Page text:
Here's the link, but you need a subscription to read the full article.

I had to stifle a little giggle when reading this quote by Stacy Baker, editorial director of Sephora: "A blogger has to know what she's talking about and have the résumé — or at least citations — to backbone her opinion,".
(For the record: My issue with Sephora was never with their beauty products, of which they still offer a great selection. My gripe is with their perfume department that is sinking deeper and deeper into the realms of Pink Sugar and the lowest common denominator)

What do you think? What bothers you more: lack of formal beauty credentials or the obvious obligation traditional media has to its advertisers?

Image: The Little Writer by Raccoon with a Cigar, from deviantArt

Wednesday, January 23, 2008

Misunderstood- Laura Geller Balance-N-Bronze

Here's a product that gets quite a bit of bad rap (just look at the reviews on MakeupAlley), and I don't think it's justified. Laura Geller's Balance-N-Bronze is a split compact, a two-in-one product. One side is Bronze-n-Brighten (basically, a bronzer), the other is Balance-n-Brighten (a mineral makeup-style pressed powder).

I came across it in Sephora, tried it a couple of times before deciding I love it and got to have it, despite the reviews. After all, my skin knows best.

Unlike many of the disappointed reviwers, I don't try to use it as two separate products (I agree that doing that wouldn't be very efficient given the medium sized compact). It's the mix of both the bronzer and the colored powder that works so well and making it into a unique entity that's worth the precious shelf space in my cabinet.

I swirl a soft blush powder over both sides and then swipe it on my face just as I would a light bronzer and/or a powder. What I get is a very soft non-shimmery but glowy tan in a shade that matches my skin perfectly. It also adds a notch of coverage to my light and sheer foundation, gives it a smooth finish. What makes BnB special to me is the lack of shimmer and the natural color. It's always appropriate and never looks overdone. If I want a little more drama I can always add a little blush where appropriate, but for daytime it's hardly needed. It does a great job evening out my complexion, but unlike mineral makeup that comes as loose powder, it doesn't make my skin look weird, waxy or resemble Camilla, Duchess of Cornwall. And that, my friends, is a very good thing.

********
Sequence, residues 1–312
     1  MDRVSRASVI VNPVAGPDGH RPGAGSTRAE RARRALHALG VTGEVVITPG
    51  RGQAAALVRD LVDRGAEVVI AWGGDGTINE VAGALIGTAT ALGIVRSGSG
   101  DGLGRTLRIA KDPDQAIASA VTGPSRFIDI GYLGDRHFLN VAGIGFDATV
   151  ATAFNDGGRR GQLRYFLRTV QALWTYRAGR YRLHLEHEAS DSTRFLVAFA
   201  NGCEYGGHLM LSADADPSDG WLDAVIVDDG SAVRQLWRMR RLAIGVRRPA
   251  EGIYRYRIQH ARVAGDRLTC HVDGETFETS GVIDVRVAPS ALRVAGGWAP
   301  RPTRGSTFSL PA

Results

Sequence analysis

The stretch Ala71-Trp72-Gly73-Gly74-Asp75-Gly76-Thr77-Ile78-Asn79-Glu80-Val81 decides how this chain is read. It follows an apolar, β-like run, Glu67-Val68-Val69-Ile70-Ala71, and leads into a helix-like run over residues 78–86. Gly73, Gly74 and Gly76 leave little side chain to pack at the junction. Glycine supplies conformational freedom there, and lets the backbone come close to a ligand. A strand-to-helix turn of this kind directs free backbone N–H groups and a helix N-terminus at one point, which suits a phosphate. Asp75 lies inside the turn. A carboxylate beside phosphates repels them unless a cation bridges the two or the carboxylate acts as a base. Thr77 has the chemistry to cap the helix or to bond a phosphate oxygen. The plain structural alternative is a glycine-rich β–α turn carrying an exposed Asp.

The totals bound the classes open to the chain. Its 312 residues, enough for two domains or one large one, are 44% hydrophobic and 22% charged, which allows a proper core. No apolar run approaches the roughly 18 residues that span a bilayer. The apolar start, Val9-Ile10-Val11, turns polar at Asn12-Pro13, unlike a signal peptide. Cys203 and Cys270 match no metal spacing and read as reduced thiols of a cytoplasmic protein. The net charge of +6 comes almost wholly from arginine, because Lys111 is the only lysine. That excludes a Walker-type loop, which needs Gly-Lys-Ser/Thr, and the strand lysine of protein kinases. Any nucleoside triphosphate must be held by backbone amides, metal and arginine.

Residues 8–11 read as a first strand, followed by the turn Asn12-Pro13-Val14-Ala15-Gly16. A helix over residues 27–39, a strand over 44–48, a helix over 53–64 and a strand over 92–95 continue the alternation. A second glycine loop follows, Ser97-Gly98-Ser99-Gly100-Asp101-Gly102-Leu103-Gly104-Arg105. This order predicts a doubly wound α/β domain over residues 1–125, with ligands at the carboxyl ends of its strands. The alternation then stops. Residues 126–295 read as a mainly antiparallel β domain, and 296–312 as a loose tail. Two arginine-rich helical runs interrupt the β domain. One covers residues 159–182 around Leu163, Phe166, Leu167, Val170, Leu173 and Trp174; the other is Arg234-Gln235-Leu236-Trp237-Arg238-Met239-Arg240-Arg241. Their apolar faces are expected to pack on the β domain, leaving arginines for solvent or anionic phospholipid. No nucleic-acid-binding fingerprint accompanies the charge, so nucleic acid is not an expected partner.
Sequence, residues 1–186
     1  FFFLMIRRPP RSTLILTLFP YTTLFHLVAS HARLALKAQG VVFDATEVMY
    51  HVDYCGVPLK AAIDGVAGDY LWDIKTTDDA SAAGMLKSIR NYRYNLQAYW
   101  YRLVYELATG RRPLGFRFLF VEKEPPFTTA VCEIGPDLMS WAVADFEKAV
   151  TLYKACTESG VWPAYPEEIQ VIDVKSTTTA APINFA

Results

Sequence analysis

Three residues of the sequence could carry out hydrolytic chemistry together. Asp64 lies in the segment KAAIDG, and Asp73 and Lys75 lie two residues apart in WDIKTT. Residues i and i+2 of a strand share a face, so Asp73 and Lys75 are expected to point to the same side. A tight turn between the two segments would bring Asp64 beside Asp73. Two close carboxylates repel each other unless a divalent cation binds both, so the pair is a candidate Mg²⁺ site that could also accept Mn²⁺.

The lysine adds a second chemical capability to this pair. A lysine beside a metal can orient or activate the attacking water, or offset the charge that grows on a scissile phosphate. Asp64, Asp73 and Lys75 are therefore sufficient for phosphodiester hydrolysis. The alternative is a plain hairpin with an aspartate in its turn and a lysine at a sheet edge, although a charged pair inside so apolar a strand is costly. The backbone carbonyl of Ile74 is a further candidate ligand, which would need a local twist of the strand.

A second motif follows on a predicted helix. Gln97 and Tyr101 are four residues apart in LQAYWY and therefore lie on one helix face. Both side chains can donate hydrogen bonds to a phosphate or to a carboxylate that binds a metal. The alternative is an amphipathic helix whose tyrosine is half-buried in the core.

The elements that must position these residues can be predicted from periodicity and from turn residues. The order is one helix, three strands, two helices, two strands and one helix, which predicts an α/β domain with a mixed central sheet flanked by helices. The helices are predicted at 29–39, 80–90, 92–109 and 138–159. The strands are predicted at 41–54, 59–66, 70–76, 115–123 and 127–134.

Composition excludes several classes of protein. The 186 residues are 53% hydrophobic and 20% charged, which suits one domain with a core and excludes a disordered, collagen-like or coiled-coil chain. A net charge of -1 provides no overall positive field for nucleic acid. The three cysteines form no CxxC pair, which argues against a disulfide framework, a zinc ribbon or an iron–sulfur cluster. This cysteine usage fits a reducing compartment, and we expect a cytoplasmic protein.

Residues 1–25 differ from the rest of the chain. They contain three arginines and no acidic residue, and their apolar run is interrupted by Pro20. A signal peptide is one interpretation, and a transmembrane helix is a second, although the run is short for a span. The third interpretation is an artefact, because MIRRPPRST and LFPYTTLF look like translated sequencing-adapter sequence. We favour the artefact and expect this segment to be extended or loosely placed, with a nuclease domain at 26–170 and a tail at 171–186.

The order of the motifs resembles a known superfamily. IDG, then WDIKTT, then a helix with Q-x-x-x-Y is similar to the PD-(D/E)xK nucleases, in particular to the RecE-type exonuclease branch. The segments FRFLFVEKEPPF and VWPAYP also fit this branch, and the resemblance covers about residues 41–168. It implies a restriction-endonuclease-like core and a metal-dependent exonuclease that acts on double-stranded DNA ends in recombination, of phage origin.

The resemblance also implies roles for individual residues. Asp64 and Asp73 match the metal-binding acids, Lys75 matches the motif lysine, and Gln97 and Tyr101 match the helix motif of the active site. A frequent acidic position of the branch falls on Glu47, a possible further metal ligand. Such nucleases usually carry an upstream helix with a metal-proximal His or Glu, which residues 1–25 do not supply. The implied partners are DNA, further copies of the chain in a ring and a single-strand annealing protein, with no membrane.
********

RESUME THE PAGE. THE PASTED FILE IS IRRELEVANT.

Tuesday, January 22, 2008

Shadows- Tauer Perfumes Incense Extrême (and a readers giveaway!)

The samples of Incense Extrême arrived a few weeks ago, the same day as the package containing my new camera. I ignored the bigger box and ripped open the envelop with the Swiss postmark. You got to have priorities and digital cameras don't smell.

Like all Tauer fragrances, Incense Extrême takes you places. While Andy described it on his blog as a minimalist scent, there's absolutely nothing here (thankfully!) to remind you of the biggest minimalist of them all, Jean-Claude Ellena (can I say thankfully again?). You get that unmistakable Tauer touch which goes from the top notes all the way through to the base that has more than a little of the "Tauerade". The frankincense is peppery and fresh at first, then becomes darker, woody and dry. Very very dry.

The "extrême" in the name might make you expect an over-the-top Catholic church on steroids kind of incense, or the entire CdG Incense Series crammed into a single bottle (Zagorsk would eat them all). This is not that scent. Instead, you get the different faces of frankincense, paired with a little wood and a little orris. Some feel it has a lot in common with Andy's limited edition, Orris, but my skin doesn't support this theory. Orris is more kaleidoscopic with the different layers picking here and there and revealing themselves almost randomly. Incense Extrême is much more streamlined and pulled-together. There's starkness in it, bold and clean, it dries down almost soapy, remains close to the skin, with just a hint of the shadows lurking from beneath.

Andy has warned me that this scent is basically masculine and would suit my husband better than me. A masculine label has ever stopped me before and I like wearing this scent, but when I smelled it on my husband I knew what he meant. A man's skin (or my man's skin) brings out more of the dark and mysterious part of the scent, those dark silhouettes on a bare ground.